I begged my parents to sign me up for cheerleading when I was 1o.
And they gave in.
I remember my first uniform well; it consisted of an itchy wool sweater, a pleated polyester skirt and a pair of saddle shoes that didn’t quite fit.
For me, cheerleading consisted of shaking pom poms on the sidelines of youth football games, and then going to competition.
Competition was a big deal. We spent hours each week practicing, perfecting our cartwheels, shoulder sits and pyramids to create a memorable performance to get that gold medal.
It’s 27 years later, and youth cheerleading sure has changed. Uniforms are now engineered for comfort and safety, and sneakers have replaced saddle shoes. Today’s cheerleaders are performing intricate tumbling passes not all that dissimilar from those you might have seen at the Olympic Games in Rio.
The apparel, along with the sport, has evolved tremendously.
That’s right, I said “sport.”
The State of New York recognized scholastic cheerleading as an official sport in 2014.
And Bay Shore High School was the first school on Long Island to host the NYSPHSAA Long Island Regional, which was held in February of 2015. High Schools from across the state attended.
But cheer in the Bay Shore community begins as early as 5 years old. That’s according to youth-league coordinators Kelly Campo and Tracey Kubik, who says approximately 100 girls are enrolled in the Bay Shore Youth Cheerleading Program this year, ranging from 5 to 13.
This is family affair. The cheerleaders, with the help of their parents, hosted a car wash fundraiser at the Fifth Avenue School on Saturday, raising money to help pay for apparel and choreography fees, as well as an end-of-season awards celebration.
The Bay Shore Youth cheerleaders, under the direction of commissioner Grace Voges, will also host a competition at Bay Shore High School on Oct. 30.
Participation in any youth sports program is a way for children to build the skills needed to succeed as high school athletes. For cheerleading, this is so much more than smiles and poise; it’s about jumps, stunts, tumbling, and performing each of these skills safely.
Perhaps nobody knows the importance of this better than Lisa Wilson, the former owner of New York Cheer All Stars who has over 25 years of youth, high school and All Star coaching experience on Long Island.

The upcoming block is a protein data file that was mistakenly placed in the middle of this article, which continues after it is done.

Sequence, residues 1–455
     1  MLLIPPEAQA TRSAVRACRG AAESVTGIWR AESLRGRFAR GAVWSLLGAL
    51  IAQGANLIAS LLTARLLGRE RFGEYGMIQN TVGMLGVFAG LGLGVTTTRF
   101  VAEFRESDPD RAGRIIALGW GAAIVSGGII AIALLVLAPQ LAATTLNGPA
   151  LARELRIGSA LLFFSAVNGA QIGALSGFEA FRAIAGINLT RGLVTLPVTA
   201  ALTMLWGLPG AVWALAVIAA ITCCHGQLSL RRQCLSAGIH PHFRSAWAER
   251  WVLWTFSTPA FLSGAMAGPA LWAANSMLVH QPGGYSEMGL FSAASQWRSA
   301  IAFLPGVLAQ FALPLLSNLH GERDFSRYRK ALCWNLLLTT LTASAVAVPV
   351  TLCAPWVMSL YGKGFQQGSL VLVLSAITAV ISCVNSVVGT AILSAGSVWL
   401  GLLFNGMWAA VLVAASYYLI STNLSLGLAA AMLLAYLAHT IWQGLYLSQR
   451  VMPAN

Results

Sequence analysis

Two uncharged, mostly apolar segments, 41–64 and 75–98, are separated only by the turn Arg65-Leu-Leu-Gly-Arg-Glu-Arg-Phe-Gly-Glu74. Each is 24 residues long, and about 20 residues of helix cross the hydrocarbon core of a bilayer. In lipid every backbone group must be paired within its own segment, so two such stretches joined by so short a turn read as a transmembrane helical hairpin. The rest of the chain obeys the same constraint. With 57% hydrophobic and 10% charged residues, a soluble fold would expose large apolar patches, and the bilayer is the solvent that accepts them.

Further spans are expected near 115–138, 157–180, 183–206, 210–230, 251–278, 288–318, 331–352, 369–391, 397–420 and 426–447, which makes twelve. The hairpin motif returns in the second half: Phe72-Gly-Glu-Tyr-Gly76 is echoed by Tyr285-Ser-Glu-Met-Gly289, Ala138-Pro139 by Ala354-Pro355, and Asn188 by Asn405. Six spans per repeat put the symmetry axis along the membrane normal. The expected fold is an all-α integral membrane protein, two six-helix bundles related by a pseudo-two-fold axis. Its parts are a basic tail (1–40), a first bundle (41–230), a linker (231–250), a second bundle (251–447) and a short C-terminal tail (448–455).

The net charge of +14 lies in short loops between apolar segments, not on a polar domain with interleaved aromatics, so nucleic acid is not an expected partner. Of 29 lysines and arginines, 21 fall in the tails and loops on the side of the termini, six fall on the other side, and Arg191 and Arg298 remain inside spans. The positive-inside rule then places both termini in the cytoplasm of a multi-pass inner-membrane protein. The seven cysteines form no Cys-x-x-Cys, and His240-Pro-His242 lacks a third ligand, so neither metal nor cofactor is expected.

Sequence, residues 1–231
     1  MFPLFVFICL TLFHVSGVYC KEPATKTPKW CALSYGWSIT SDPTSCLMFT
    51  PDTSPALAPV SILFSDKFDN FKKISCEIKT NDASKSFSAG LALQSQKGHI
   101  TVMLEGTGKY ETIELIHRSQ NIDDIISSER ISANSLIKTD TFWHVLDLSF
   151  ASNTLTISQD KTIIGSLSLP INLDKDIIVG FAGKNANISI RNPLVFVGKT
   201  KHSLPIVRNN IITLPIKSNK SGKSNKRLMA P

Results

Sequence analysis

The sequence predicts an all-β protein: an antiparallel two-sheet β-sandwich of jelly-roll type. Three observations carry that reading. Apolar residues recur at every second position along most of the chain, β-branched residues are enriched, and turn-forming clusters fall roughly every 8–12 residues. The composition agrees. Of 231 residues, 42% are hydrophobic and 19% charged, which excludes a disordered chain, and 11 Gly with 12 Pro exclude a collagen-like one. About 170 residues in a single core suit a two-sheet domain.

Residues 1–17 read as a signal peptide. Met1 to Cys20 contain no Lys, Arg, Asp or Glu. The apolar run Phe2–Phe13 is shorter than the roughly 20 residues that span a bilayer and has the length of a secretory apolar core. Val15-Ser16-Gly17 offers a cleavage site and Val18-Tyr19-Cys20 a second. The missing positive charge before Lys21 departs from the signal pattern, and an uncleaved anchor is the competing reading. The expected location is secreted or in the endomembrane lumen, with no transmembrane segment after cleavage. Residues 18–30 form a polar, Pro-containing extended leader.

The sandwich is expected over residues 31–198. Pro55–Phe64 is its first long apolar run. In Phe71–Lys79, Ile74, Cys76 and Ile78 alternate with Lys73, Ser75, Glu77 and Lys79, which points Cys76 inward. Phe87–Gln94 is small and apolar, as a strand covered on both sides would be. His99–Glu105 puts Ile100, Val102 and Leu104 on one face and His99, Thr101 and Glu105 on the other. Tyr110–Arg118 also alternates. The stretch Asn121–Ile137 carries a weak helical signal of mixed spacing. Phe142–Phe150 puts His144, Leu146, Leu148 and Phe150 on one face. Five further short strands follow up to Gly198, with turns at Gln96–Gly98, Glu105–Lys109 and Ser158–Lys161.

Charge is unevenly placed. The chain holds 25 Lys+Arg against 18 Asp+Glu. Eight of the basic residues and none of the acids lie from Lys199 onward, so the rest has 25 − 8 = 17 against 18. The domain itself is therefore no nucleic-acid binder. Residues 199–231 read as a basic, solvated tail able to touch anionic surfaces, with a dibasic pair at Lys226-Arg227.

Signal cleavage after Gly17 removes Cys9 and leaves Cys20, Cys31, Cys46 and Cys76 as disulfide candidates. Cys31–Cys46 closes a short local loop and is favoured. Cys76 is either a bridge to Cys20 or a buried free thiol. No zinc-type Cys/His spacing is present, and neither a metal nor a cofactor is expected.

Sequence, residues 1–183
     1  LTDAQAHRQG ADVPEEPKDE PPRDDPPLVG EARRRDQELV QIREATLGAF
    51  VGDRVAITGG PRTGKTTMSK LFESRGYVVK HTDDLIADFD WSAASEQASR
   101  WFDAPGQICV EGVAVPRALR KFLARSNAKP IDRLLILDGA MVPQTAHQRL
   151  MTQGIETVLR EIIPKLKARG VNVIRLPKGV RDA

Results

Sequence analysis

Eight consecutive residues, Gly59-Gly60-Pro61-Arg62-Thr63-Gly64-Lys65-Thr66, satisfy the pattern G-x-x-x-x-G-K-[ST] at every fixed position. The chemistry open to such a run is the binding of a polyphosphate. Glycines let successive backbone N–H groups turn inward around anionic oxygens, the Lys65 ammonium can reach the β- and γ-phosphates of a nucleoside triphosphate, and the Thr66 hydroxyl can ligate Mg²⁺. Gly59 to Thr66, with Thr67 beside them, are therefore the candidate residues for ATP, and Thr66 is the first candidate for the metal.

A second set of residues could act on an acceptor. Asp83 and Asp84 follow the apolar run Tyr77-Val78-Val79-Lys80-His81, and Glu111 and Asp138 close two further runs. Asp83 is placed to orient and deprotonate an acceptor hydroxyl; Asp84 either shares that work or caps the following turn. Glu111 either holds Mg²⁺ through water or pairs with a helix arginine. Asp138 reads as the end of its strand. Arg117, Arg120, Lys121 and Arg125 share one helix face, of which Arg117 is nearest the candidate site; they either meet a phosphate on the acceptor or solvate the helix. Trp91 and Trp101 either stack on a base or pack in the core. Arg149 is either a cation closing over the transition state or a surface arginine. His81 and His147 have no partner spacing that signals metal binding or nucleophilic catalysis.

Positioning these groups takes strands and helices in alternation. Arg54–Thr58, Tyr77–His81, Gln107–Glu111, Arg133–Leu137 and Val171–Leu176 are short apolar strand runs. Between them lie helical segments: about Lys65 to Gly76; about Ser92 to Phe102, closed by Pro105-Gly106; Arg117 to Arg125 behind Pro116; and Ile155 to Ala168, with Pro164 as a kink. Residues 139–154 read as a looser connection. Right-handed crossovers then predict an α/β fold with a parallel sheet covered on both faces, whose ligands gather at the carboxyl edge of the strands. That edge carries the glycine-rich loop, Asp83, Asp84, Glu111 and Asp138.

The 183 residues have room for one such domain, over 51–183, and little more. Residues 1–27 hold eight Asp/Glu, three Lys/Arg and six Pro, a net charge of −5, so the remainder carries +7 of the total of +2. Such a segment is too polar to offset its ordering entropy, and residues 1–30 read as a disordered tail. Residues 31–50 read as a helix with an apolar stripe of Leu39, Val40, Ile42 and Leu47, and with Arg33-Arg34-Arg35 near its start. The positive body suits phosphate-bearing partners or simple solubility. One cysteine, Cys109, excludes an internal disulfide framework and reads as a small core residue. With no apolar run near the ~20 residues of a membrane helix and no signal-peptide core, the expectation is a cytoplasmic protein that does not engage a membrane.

Wilson will begin as head coach of Bay Shore’s Varsity cheerleaders this week.
Campo is confident that Wilson’s influence will help to unite the high school and youth programs, as many of the youth cheerleading coaches are high school cheerleaders who got their own start wearing maroon and white at 5 years old.
High school cheerleader and youth league coach Emily Kubik, for one, is excited for Wilson’s appointment. She looks forward to attending her high school practices and working with her team again this year, and she knows that Wilson will support doing both.
The youth cheerleaders depend on the highsSchool cheerleaders to volunteer their time as coaches.
“There’s nothing like seeing a little kid’s face when their varsity cheerleader comes to practice and they help them master that forward roll or that stunt,” Campo said.
Wilson is excited to be coaching a high school team again.
She previously led the North Babylon varsity team to multiple local, regional and national cheerleading competitions before opening New York Cheer in the early 2000s.
“So much has changed in high school cheerleading,” Wilson said.
“It’s going to be a learning experience.”
Greaterbayshore.com contributor Mary Donnelly is also the Education Chairperson of the New York State Cheerleading Judges Association.
She has been coaching and judging youth and high school cheerleading on Long Island since 1996.